We thought the old man wouldn’t make it. Not after putting him in a coma for three weeks. Three weeks, he lay flat on his stomach, three pillows underneath to force an incline and a wheezing ventilator pushing air into the ringed tube we threaded into his lungs.
He needed a shave but who had the time? I was between four sometimes five patients at once. Between the coughing and the endless bags of saline, and me holding my pee sometimes for eight hours straight, I didn’t know if to scream or weep. I’m ashamed to say it but sometimes I did both.
Most days it was too much. And then there were days that just broke us. When two, maybe three patients would code. Their hearts would flutter, then their lungs would collapse without warning. And sometimes there was nothing to do but hold their hands and watch as their eyes opened wide with fright. With horror. With knowing that we’d failed them. And there was nothing, we could do except hold them as close as we dared. Horrified that our broken hearts and eyes would be the last things they would see on this side of the light.
It kills me to watch them go. I will never get past this. Every soul a blessing, every empty body leaving behind a burden for us to bear on our tired shoulders. And there are days I can’t bring myself to get out of bed. On those days, I say my prayers. I ask God to forgive me. To forgive all of us for being too weak. Too tired. Too empty from the endless night that fills our days. Oh God, let your will be done but let my heart be strong God. Oh God. Oh God. On those days, it’s God alone that gets me out of bed.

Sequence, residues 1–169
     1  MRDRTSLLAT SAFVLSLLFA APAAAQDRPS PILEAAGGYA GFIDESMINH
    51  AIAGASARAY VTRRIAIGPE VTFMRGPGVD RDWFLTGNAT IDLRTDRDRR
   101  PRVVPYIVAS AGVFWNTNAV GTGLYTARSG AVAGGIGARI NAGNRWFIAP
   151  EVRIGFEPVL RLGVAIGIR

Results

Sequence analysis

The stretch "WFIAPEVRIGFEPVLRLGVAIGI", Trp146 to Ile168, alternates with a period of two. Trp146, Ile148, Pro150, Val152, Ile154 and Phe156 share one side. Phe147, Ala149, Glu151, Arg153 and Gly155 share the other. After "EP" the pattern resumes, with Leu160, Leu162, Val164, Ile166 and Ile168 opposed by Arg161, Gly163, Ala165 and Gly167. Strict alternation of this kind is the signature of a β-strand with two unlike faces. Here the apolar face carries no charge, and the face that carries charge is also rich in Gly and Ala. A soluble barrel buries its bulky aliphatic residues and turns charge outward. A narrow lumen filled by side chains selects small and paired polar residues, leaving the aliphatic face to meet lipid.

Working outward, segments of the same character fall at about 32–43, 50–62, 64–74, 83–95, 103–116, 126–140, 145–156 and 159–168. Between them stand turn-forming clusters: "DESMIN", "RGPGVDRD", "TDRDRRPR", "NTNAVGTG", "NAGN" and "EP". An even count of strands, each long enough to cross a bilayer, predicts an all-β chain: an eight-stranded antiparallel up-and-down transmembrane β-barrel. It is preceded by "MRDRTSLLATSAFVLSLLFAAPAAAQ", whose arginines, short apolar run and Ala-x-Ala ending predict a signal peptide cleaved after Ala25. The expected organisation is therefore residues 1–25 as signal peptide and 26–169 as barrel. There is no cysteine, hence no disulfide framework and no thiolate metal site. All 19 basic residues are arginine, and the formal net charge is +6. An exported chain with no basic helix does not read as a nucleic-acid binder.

Today though, the doctors insisted my coma patient’s vitals were stable. We could take him off the ventilator. I waited for them to pull the breathing tube. It was so long. So impossibly long; it rasped against his teeth as they pulled. Then it was gone, coiled into a steel basin at the side of the bed.
I tidied his face and took his vitals. He was such a nice man. Wavy gray hair. His cheeks were peppered with salt and pepper hair. I remembered when they wheeled him in. He was fighting to breathe but he smiled as I prepped him. Told me I reminded him of his second wife. His one and only wife called us every day to check on him. I always took the call.
His blood pressure was good. Respiratory rate — wonder of wonders 15 breaths per minute and holding steady. I wrapped my fingers around his wrist to take his pulse. And I held his hand just like I did every day for the past three weeks. Sweet Jesus, it was so warm, so full of life, my eyes overflowed. He looked at me, his eyes wet and red and tired and alert.
“Are you an angel?” he said.
I couldn’t speak. No I whispered, my voice muffled through the double masks I wore for my entire shifts. “I’m your second wife, remember?”
He drew a deep breath. “Well I don’t care what anybody says, you look like an angel to me.” He squeezed my hand but there was no strength in it. His fingers barely moved but I felt it.
“I’m so glad to see you Mr. Rogers. Welcome back.”
He smiled. “Oh I only came back to see you angel eyes.” I swear the old coot winked at me. And I knew he was just being silly and crazy and still with us. And for that, I was glad.
Someone would get their husband back. Someone would have a grandfather again. Or a brother. Or a father. And just for a moment. Just for a moment, the endless dark lifted, and it was daylight again.